You should also factor in with the big calculator the change from domestic heating to convert from gas to electric which is expected to occur over the next 15 years.  That is also going to be another significant new energy drain, but maybe wind will be 8 times bigger producer by then and storage technology will be 15years more advanced.

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Chewing Grass

Wind only works great guns when its windy, figures were smoothed out so are base load, cold'n'clear means little wind and solar is negligible for 3 months of the year.

Currently near me all the STOR facilities are running every evening btween 4:30 and 8:30 (and its not cold) which points to a big increase in base consumption (new housing, Teslas & Polestars (they are nice).

The problem is not the Generating Capacity its provision of base load under still conditions, when its windy they have already run the entire UK off Wind, Nuke, Solar, a bit of hydro and some wood chips.

Mr Fusion is pencilled in for 2040 and is expected to come in at 4GW and is expected to be built at Ratcliffe on Soar (but don't tell anyone) as its a not very well kept secret.

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Funn3r

A few years ago I got chatting with a guy I met; he was German and worked in automotive design. Think he said he worked for one of the well-known manufacturers but can't remember. Seemed like total brainbox and said the future was certainly electric but it would be hybrid. He said Honda had completely wrecked the public perception of the 2-stroke engine and now everyone thinks they are smelly greasy noisy and suitable only for lawnmowers. In fact 2-stroke EV hybrid was the biz as far as he was concerned.

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Frank Hovis
8 hours ago, Funn3r said:

A few years ago I got chatting with a guy I met; he was German and worked in automotive design. Think he said he worked for one of the well-known manufacturers but can't remember. Seemed like total brainbox and said the future was certainly electric but it would be hybrid. He said Honda had completely wrecked the public perception of the 2-stroke engine and now everyone thinks they are smelly greasy noisy and suitable only for lawnmowers. In fact 2-stroke EV hybrid was the biz as far as he was concerned.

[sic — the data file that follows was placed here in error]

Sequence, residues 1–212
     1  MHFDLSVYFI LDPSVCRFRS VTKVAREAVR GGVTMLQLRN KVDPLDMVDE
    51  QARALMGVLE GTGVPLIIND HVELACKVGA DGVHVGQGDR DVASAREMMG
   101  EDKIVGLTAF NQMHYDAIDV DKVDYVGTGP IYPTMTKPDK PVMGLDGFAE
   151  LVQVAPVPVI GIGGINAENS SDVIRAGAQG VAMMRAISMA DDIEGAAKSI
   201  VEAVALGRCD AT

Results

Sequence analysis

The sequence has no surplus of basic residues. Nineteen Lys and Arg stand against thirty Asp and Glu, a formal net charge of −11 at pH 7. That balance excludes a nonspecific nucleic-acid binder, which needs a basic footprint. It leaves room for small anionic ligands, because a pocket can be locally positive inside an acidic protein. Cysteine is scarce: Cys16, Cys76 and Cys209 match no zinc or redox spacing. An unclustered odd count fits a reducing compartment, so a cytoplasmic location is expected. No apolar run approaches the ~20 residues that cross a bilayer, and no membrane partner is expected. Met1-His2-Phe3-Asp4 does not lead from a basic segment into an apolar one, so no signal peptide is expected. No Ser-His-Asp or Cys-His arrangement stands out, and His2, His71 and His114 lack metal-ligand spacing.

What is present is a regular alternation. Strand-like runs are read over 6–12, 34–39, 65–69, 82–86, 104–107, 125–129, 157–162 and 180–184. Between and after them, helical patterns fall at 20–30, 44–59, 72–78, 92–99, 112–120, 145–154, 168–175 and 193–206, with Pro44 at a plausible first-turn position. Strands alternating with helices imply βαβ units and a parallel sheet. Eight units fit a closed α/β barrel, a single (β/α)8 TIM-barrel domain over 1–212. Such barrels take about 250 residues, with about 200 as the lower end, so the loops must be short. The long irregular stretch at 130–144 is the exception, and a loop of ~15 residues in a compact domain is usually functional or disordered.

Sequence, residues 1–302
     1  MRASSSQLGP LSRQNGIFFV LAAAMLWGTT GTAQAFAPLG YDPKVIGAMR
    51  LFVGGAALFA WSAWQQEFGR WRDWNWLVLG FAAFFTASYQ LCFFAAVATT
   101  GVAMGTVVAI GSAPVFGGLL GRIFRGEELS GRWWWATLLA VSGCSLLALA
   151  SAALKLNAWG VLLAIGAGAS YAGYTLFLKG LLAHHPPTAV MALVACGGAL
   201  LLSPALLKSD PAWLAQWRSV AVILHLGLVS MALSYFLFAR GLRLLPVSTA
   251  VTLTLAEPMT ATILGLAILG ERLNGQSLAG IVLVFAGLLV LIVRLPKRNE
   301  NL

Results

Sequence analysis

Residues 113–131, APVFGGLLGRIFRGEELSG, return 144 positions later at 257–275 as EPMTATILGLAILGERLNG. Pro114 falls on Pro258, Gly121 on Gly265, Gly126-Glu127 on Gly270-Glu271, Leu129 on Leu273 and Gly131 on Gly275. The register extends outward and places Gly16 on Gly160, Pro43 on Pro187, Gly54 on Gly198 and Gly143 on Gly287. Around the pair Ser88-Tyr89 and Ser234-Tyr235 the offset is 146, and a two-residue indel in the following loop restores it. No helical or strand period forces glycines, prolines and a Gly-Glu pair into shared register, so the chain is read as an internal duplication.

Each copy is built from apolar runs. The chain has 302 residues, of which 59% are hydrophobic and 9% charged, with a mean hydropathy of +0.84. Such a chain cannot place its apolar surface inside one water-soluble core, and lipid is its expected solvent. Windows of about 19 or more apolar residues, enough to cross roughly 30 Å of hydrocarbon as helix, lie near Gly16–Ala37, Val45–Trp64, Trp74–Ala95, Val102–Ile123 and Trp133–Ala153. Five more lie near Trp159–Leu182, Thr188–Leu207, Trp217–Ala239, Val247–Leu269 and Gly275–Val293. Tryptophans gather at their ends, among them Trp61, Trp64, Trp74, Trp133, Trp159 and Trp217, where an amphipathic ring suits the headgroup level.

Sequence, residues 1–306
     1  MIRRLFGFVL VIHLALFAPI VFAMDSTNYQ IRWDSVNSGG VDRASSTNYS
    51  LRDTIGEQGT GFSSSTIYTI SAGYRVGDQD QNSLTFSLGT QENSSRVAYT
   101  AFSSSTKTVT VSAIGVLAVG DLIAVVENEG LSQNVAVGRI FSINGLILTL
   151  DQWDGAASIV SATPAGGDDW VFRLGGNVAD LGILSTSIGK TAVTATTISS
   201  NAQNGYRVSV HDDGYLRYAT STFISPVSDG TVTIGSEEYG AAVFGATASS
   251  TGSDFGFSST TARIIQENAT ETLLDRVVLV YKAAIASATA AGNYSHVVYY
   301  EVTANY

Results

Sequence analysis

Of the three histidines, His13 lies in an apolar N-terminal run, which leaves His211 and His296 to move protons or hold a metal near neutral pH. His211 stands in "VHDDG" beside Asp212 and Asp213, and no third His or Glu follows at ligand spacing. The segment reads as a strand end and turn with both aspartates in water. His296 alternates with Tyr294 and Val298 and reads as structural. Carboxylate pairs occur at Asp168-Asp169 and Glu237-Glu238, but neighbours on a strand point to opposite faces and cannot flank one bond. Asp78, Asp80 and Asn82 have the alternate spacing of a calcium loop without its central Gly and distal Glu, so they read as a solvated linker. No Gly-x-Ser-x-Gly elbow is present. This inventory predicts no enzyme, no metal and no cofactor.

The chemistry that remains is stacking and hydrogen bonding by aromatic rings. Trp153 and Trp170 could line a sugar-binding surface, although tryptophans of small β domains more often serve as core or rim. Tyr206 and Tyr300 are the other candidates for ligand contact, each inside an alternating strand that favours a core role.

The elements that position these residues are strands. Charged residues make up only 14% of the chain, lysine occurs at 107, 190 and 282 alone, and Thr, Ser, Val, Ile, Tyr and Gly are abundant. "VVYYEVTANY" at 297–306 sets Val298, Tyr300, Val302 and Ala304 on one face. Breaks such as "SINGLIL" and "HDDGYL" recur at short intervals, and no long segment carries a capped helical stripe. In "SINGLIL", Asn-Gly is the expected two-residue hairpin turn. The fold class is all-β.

Maybe it's better on another thread but I have never understood the point of hybrids; plug in or non.

The only advantage seems to be driving on electricity in town for a very limited number of miles.

On the downsides:

You are carrying the weight of two engines with consequent reduction in mpg and increased purchase and maintenance costs

The battery range is usually tiny - ten miles or less 

It must be massively inefficient to use the petrol engine to charge the battery and then use that charge to drive the electric motor. Surely simply using the petrol engine to power the car is massively more efficient.

 

The whole concept of the hybrid sounds simply mental to me.  It's on a par with thinking it a good idea to have a car with both a petrol engine for town driving and a diesel engine for motorways and A roads.

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Funn3r
37 minutes ago, Frank Hovis said:

The whole concept of the hybrid sounds simply mental to me.  It's on a par with thinking it a good idea to have a car with both a petrol engine for town driving and a diesel engine for motorways and A roads.

I'm not so sure. I had a hybrid rental car in Spain last year and there was a dash display explaining what it was doing exactly. I was in a fairly mountainous place and I thought it was quite clever how the system charged up the battery as we were going downhill.

You can get electric vans but not much range, especially if loaded with goods, so intended as runabouts in a local area only. But suppose you carried a normal portable 2-stroke generator in the back for when it needed a bit of oomph. Wouldn't be very practical but if the 2-stroke were properly integrated it might be useable surely.

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Frank Hovis
2 minutes ago, Funn3r said:

I'm not so sure. I had a hybrid rental car in Spain last year and there was a dash display explaining what it was doing exactly. I was in a fairly mountainous place and I thought it was quite clever how the system charged up the battery as we were going downhill.

You can get electric vans but not much range, especially if loaded with goods, so intended as runabouts in a local area only. But suppose you carried a normal portable 2-stroke generator in the back for when it needed a bit of oomph. Wouldn't be very practical but if the 2-stroke were properly integrated it might be useable surely.

Regenerative braking always seems like one of those things that sounds great in theory but in the real world has minimal effect.

I cannot see hybrids as being anything other than a dead end which has only become a viable product through tax breaks and congestion charging exemptions which treat them as EVs when they are really ICEs.